If the animal evidence isn’t enough, there are also studies on women who battle with PCOS-induced high testosterone, which causes a nasty side-effect of facial hair growth (hirsutism).

Luckily the women can effectively reduce their facial hair growth by using the plant oils and extracts of the mint family.

One study effectively showing how 2 cups of spearmint tea per day resulted in a 30% reduction in testosterone4, and a further replication of the study which also saw that spearmint tea reduced hirsutism (facial hair growth) and slashed testosterone levels5.

Those are great results for women who want to get rid of their beards…

…But for men who seek to have high testosterone levels so that they could grow their beards more and keep the gains coming, that’s absolutely horrible news.

To be fair, there is a study where peppermint oil increased hair growth on rats, due to its effects on circulation and promotion of growth hormone (IGF-1)6, but with the possible testosterone suppressing effects, I’d be still hesitant to recommend it after learning about its effect on testosterone.

And since a lot of the people who use peppermint oil for beard growth also use minoxidil, it can be hard to gauge the true effects, since minoxidil is so effective that it should enhance your facial hair growth anyway, even if you’d accidentally suppress testosterone with peppermint oil.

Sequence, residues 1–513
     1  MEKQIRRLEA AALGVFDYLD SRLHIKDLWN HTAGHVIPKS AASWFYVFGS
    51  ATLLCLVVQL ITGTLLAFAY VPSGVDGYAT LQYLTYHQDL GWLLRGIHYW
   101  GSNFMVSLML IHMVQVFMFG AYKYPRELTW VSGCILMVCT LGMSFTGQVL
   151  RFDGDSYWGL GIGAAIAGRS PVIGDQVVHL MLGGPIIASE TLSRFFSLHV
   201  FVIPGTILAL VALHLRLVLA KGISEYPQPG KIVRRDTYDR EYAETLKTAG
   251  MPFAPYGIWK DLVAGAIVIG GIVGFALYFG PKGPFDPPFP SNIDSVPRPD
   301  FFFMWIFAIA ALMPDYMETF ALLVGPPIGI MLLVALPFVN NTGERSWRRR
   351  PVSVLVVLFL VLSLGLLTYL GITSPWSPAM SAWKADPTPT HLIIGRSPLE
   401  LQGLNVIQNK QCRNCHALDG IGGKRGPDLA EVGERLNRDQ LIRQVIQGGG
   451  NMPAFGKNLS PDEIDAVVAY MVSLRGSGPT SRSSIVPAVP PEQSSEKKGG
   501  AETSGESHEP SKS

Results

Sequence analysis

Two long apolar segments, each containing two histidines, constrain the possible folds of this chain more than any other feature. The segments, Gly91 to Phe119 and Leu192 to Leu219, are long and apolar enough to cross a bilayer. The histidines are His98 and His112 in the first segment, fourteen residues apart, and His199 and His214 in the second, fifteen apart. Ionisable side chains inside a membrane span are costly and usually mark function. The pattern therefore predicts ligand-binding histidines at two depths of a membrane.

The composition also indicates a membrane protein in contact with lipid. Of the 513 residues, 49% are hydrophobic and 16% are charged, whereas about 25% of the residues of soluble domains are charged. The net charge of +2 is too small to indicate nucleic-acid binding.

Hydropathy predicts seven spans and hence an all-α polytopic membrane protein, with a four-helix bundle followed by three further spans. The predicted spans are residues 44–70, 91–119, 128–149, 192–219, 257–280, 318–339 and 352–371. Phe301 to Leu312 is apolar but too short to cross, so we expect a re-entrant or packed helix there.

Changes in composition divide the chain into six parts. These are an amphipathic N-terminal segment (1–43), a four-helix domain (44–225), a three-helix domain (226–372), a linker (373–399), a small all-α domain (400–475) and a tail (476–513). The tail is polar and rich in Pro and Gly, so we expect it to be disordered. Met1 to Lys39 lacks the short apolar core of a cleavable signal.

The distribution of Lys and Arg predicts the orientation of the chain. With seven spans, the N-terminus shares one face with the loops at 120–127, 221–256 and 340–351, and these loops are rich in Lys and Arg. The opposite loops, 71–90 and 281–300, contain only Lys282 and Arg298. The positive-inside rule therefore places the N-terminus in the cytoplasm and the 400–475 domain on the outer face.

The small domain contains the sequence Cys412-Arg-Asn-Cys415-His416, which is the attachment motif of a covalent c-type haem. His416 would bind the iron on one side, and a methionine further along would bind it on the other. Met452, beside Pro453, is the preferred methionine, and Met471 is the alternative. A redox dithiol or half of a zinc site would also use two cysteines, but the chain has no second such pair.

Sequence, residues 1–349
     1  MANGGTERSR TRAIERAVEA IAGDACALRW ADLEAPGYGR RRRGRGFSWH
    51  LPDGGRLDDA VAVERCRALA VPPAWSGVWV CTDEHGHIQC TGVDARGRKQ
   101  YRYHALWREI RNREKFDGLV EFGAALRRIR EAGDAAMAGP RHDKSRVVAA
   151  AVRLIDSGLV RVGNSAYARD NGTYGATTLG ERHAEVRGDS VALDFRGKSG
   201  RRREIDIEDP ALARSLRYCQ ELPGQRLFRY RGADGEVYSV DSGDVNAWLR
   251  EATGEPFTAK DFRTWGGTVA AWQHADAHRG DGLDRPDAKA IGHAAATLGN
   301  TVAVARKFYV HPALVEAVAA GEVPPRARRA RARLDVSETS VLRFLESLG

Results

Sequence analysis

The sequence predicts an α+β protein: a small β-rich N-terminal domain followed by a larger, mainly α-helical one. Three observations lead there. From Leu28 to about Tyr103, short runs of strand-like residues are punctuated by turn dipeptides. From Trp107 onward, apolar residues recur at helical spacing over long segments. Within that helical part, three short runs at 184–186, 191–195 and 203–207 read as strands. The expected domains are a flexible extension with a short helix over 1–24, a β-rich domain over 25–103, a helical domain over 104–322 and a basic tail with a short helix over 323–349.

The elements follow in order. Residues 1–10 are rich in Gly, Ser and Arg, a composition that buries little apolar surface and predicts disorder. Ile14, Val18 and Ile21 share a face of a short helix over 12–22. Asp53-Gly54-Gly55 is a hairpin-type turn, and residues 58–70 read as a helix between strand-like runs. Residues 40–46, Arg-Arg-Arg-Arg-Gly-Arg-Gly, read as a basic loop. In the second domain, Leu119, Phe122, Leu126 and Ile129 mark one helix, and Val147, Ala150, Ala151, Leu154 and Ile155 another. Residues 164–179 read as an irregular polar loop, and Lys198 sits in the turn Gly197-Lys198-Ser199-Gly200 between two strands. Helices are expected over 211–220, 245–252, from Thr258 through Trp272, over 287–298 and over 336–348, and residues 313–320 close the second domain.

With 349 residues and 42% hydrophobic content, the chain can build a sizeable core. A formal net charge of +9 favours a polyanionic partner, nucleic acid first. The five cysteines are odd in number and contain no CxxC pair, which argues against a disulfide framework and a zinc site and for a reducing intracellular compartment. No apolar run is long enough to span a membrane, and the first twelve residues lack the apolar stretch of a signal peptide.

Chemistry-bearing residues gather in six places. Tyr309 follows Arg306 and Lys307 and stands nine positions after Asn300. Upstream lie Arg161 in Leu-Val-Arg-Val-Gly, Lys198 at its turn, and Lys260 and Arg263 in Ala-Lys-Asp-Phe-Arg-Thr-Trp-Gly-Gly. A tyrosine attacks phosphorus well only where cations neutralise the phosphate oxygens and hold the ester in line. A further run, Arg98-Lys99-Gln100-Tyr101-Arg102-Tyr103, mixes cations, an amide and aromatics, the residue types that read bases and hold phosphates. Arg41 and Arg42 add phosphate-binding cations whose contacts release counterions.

I have previously recommended a few products that have a small amount of peppermint oil, which I will now be curating and changing to some better alternatives for sure.

It’s interesting to see if any brands remove it from their formulations, probably not, but it’s worth a try to at least bring more awareness to the research.

Conclusion on Peppermint for Beard Growth

Is there any legit reason to ever use peppermint in a beard oil or other beard care products?

No. Not really. Despite the fact that it smells great and that some people state that it would improve growth, the evidence points strongly to the fact that the plants from the mint family, peppermint included, can significantly suppress androgenic hormones even in small doses.

Heck, women who grow beards due to too high testosterone production use spearmint (again, which peppermint is a hybrid from) to suppress the facial hair growth.